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Learning - Midterm Notes Chapters 1-6

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York University
PSYC 2210
Anthony Nield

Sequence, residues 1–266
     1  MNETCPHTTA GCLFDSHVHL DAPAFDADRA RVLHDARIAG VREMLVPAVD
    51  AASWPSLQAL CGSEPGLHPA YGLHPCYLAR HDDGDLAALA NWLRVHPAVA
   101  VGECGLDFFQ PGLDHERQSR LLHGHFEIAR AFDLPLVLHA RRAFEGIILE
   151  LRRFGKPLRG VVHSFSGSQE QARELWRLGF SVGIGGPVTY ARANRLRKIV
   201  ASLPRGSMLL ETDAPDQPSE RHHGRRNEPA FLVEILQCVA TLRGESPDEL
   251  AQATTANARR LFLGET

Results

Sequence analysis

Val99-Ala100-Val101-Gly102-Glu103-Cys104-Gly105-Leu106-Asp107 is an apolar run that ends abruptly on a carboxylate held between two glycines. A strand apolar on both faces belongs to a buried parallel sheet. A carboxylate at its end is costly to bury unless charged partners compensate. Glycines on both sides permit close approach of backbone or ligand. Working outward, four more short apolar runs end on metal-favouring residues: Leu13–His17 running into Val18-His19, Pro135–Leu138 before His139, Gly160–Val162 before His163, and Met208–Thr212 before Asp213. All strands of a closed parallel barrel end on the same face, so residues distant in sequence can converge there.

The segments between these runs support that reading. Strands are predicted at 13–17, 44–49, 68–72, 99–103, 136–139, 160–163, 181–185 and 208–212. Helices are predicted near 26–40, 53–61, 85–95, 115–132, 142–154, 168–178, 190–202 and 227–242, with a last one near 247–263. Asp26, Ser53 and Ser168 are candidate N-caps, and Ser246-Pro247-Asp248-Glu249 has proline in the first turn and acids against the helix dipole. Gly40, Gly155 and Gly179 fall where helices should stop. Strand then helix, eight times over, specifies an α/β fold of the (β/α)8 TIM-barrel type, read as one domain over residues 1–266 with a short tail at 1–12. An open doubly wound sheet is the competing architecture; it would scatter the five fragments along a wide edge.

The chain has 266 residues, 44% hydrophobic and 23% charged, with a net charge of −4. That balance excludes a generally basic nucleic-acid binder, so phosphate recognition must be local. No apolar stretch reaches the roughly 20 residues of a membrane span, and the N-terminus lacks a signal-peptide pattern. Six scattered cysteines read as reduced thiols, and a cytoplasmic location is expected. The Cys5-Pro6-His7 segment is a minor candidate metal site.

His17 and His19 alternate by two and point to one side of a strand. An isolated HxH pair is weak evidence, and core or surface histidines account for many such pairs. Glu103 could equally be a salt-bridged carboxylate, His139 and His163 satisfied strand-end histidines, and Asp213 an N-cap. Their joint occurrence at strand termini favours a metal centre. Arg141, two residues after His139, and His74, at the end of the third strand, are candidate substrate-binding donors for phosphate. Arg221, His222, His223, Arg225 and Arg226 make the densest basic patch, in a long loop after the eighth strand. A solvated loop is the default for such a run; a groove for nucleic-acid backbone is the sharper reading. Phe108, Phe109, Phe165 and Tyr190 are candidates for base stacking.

Ben Kim PSYC2210 Page 1 of 15 Learning Midterm Notes Chapter 1-6 Biorhythm Theory: Simply by knowing the date of birth, advocates can consult a chart that will predict how well someone is likely to display heightened or decreased levels of physical, emotional, or intellectual features. Major Components of Scientific Theories Intervening Variables: purely theoretical concepts that cannot be observed directly. o E.g. predicting the flight of a ping-pong ball relies on a number of intervening variables such as force, mass, air resistance, and gravity Syntax: rules or definitions that state how the independent and dependent variables are to be measured and that specify the relationship among independent variables, intervening variables, and dependent variables o The syntax of biorhythm theory describes how to use a persons birthday to calculate the current status of the three cycles. The syntax also relates the cycles to the dependent variable, a persons performance, by stating that positive cycles should cause high levels of performance, whereas low or critical cycles should cause low performance levels Judging Scientific Theories 5 Characteristics of good scientific theories Testability (Falsifiability): A theory should make unambiguous predictions that can be tested against the facts. It is generally agreed that a good theory is one that could, in principle, be proven wrong. Simplicity: If two theories are equal in their ability to account for a body of data, the theory that does so with the smaller number of hypothetical constructs and assumptions is to be preferred. Generality: Theories that deal with more phenomena, with greater range of observations, are usually judged to be better than theories of more restricted scope o The more areas it applies too, the better it is Fruitfulness: An important property of a scientific theory is its ability to stimulate further research and further thinking about a particular topic. Agreement with the Data: If a theory makes predictions that clearly contradicts some well-established facts, the theory must be either modified or discarded Issues and Techniques in Comparing Theory with Data Case History Method: reports about where a clinician may encounter only one or two cases of a disorder Observational Techniques: denote a wide range of research methods, including field observations, the use of surveys and questionnaires, and the use of archival data (information contained in written documents and records). Observational techniques always involve a systematic effort to obtain a representative sample from the population of interest Ben Kim PSYC2210 Page 2 of 15 Experimental Techniques: the researcher actively manipulates the independent variables as they already exist and tries to discern the relationship between them. In an experiment, the researcher actively manipulates the independent variable in some systematic way o Confounding Variable: something that is not of interest to the researcher but can nevertheless affect the results of an experiment. In any experiment where a single group of subjects experiences two or more conditions in succession, there is always the possibility that a confounding variable can affect the results o Double-blind Procedure: when neither the subject nor the person conducting the experiment knows whether that subject is in the control group or the experimental group Statistics and Significant Tests o Inferential Statistics: assets the researcher in drawing inferences or theoretical conclusions from empirical results o Statistically Significant: Implies nothing about the importance of a finding it simply means that it is unlikely the result occurred by chance On Free Will, Determinism, and Chaos Theory Determinism: A philosophical position that all events of the world, including all human behaviors, are determined by physical causes that could, at least in principle, be discovered and analyzed with the techniques of science Free Will: the idea that some nonphysical entity, such as the will or the soul, can direct human behavior Chaos Theory: provides mathematical techniques for dealing with complex physical systems, and it has been applied to a great variety of scientific topics, ranging form the beating of the human heart to weather forecasting Simple Ideas, Simple Associations, and Simple Cells Associationist: three principles of association that can be viewed as an elementary theory of memory. Aristotle suggested that these principles describe how one thought leads to another. o 1 Principle Contiguity: the more closely together (contiguous) in space or time two items occur, the more likely will the thought of item lead to the thought of the other. E.g. The response chair to the word table illustrates association by spatial contiguity, since the two items are often found close together nd o 2 Principle Similarity: The thought of one concept often leads to the thought of similar concepts E.g. responses orange or pear to the prompt apple o 3 Principle Contrast: An item often leads to the thought of its opposite E.g. night0day, boy-girl Ben Kim PSYC2210 Page 3 of 15 The British Associationists: Simple and Complex Ideas Associationism: seen as a theory of all knowledge. Also called British Empiricists because of their belief that every person acquires all knowledge empirically, that is, through experience Nativism: the opposite of Empiricism, or the position that some ideas are innate and do not depend on an individuals part experience. Complex Idea: If two or more sensations are presented together o The idea of red and rectangle might elicit a complex idea of a brick. Duplex Idea: Complex ideas could themselves combine o James Mill suggested that all complex idea can be decomposed into two or more simple ideas, and are always formed thought the repeated pairing of these simple ideas Thomas Browns Secondary Principles of Association Brown tried to create a remedy that would cover Aristotles seemingly incomplete list of principles of association by proposing nine secondary principles of association to supplement Aristotles list 1. The length of time two sensations coexist determines the strength of the associations 2. The liveliness or vividness of the sensations also affects the strength of the association 3. If the two sensations have been paired frequently 4. If they have been paired recently 5. If both sensations are Free from strong associations with other sensations 6. Constitutional differences among different individuals 7. A persons current emotional state 8. The momentary state of the body 9. Prior habit Ebbinghaus Major Findings The Effects of Repetition: The frequency of pairing directly affects the strength of an association. o Overlearning: Continuing to practice after performance is apparently perfect Backwards Associations: In one experiment, Ebbinghaus learned a list one day and then attempted to learn the list in the opposite order the following day. He was not successful in memorizing the list as well as reciting them regularly. Physiological Research on Learning Chemical Change: There is now plenty of evidence that some changes in the brain do not depend on the growth of new synapses, but rather on chemical changes in already existing synapses o Long-term Potentiation: The increase in the strength of excitatory synapses as a result of electrical stimulation